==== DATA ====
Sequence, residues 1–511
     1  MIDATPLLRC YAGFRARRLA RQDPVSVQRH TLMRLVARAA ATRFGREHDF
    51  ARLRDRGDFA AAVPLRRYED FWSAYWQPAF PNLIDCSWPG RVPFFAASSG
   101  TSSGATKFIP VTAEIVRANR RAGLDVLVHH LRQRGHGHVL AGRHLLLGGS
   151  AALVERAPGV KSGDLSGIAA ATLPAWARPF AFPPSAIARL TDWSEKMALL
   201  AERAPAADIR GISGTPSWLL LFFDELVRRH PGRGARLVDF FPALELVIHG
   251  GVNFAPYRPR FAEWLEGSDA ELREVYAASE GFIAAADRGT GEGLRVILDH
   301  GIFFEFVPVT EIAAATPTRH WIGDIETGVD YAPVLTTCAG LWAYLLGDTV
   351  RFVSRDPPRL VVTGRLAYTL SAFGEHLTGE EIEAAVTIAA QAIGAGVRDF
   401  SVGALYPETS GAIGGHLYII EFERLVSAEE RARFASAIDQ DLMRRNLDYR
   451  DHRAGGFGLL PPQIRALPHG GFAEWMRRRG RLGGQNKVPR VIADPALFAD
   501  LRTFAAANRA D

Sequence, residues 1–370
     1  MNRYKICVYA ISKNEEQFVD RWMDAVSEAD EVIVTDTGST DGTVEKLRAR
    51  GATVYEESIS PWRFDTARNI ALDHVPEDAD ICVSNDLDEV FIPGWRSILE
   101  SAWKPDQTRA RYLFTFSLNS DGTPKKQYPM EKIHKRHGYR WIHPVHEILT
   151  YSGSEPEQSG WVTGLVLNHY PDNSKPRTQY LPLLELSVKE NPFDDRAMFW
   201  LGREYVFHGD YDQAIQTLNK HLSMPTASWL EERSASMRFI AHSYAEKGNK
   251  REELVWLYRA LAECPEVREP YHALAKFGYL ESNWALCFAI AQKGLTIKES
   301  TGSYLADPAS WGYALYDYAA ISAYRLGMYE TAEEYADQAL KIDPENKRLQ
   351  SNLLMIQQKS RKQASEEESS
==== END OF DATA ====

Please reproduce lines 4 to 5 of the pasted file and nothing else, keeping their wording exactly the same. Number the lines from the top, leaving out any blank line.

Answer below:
   101  TSSGATKFIP VTAEIVRANR RAGLDVLVHH LRQRGHGHVL AGRHLLLGGS
   151  AALVERAPGV KSGDLSGIAA ATLPAWARPF AFPPSAIARL TDWSEKMALL